JR: There’s a sadness in this very, I’m not going to say sentimental, but it has a sort of heart-wrenching beginning to the music, to the opening, and then it kind of transcends and there’s so much tension and buildup. I’m going to say it’s so typical of us to do, but we were inspired by bands like The Who, who have this crescendos and these epic moments like in Tommy, certain moments. That’s our little mini Tommy. Or maybe, more like A Quick One. Something where it’s…let me start over. Maybe “An Amazing Journey.” So The Who is an influence on the band, the bombastic drumming. I grew up listening to The Who, and Keith Moon was one of the reasons why I started drumming, but yeah, lyrically it’s a song about loss. The loss of a friend. So there’s this personal aspect to the music too.

“Will You Smile Again For Me?”

From Worlds Apart (2005; Interscope)

JR: That one seems to be, when we play live, that really seems to reach people. When we were writing it, it was one of the harder songs we ever worked on, because at the time we were struggling with making it, I guess, precise, when we’re not that type of band. So it took us a while to realize it wasn’t going to be a precise, perfect, in-time kind of song, and the emotions would have to come through, and it’s not about the technical prowess of the band and more the visceral elements of the band coming out. And it seems to me, lyrically, it’s about depression and when the world’s got you down, is there a sort of “is the sun going to come out after the rain?” kind of thing.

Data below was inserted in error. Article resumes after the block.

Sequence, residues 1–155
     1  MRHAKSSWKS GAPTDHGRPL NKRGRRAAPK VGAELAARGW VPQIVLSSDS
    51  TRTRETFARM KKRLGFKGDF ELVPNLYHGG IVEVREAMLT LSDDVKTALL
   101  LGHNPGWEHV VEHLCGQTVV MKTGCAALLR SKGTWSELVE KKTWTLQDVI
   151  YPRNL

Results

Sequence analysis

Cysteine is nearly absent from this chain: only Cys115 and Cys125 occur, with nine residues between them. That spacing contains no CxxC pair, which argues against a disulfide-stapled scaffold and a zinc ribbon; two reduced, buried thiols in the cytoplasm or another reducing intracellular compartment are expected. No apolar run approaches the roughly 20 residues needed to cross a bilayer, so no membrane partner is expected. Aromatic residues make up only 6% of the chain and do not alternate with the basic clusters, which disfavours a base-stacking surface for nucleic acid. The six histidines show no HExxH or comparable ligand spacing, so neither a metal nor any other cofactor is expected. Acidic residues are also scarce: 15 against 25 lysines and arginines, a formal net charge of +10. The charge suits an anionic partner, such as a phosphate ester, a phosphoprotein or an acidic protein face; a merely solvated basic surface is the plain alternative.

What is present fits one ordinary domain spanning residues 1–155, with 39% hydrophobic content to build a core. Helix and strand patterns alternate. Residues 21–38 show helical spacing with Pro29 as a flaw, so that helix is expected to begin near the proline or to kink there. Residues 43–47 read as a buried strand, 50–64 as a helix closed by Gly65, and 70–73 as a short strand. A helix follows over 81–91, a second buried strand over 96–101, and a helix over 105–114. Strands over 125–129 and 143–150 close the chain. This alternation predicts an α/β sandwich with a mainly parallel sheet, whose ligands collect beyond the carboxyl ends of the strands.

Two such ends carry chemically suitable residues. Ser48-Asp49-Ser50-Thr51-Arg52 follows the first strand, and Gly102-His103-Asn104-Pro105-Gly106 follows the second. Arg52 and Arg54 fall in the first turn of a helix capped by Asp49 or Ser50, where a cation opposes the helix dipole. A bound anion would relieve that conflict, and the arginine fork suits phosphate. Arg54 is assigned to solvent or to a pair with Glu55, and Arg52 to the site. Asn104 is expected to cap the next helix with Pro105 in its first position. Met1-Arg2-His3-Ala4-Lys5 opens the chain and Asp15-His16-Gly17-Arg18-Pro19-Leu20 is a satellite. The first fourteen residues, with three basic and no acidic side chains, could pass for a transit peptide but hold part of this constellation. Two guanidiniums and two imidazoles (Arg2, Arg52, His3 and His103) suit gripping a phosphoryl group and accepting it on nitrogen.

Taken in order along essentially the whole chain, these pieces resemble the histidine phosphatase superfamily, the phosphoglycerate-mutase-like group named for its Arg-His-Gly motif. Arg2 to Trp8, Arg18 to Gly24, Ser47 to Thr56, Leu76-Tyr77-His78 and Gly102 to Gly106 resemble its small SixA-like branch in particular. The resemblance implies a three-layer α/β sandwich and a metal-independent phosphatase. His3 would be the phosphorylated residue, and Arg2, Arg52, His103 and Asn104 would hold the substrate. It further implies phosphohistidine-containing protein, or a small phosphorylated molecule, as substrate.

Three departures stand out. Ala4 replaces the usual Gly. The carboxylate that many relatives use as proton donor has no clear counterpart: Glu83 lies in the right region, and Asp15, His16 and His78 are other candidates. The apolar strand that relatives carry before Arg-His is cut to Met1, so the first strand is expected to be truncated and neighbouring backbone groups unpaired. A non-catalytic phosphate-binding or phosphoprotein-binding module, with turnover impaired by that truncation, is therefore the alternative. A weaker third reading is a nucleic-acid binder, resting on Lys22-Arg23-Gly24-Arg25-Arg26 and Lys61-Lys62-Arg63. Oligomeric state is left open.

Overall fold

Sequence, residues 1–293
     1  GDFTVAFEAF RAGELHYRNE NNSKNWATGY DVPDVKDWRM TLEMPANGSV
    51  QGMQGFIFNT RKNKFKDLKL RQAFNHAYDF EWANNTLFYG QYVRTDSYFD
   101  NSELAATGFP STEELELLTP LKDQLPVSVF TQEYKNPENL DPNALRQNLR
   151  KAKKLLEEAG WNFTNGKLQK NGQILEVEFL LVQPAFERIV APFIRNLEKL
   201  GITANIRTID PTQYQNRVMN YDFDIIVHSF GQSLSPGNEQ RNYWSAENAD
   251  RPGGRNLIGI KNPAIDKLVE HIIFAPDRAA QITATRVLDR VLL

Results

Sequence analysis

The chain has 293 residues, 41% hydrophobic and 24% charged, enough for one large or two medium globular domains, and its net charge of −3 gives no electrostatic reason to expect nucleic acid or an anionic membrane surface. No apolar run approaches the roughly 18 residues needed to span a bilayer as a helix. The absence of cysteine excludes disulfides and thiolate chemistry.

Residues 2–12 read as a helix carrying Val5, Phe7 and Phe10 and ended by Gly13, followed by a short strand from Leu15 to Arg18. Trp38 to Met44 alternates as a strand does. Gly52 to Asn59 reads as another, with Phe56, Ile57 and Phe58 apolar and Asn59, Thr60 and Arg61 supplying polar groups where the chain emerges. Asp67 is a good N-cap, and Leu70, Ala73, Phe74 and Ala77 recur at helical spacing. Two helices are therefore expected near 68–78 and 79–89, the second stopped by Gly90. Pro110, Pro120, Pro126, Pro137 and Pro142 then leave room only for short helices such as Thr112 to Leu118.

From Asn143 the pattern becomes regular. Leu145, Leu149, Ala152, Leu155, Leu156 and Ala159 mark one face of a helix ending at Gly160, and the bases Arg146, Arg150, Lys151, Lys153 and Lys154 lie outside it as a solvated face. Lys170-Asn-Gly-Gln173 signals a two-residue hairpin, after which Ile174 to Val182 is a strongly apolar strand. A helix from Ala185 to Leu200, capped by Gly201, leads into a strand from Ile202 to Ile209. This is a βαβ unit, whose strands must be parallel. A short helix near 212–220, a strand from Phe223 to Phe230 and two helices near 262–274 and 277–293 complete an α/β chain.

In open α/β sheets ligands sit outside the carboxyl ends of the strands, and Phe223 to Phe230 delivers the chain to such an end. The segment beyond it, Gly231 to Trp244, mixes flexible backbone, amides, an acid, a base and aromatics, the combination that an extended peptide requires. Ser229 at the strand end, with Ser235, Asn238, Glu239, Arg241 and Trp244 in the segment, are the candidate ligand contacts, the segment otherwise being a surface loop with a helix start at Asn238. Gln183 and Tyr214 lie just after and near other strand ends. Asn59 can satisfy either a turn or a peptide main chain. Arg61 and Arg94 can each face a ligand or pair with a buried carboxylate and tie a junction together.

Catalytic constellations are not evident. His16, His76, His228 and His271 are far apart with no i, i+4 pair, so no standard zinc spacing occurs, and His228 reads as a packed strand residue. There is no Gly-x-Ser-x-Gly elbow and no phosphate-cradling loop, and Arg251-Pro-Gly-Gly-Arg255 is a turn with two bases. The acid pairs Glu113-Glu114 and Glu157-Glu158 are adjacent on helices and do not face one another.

People probably have different interpretations of it, who care about the lyrical elements, maybe some people just like the riffage, but people gravitate toward it. It’s been used in TV shows, and it’s one people seem to relate to the most with this band. So I’m going to say that’s one of the number ones of the band.

Treble: It has a kind of parallel between the musical content and the emotional journey, the tension and the release.

JR: I feel like that’s where we started finding our personality more and our sound, and interesting things about yourself. Writing and – it was a challenge to make that song and once we met that challenge, we finally put it out there into the world and when we were playing it live it felt so natural. Before…it was this huge mountain in front of us, and it was like “we have to fuckin’ climb this thing.” I’m sure every band who’s making an album has a song like that. And then it becomes one of your more well-known and well-liked songs so there’s something satisfactory about that. It’s the emotional plateau—the ups and downs of that song are characteristic of our band in a lot of ways.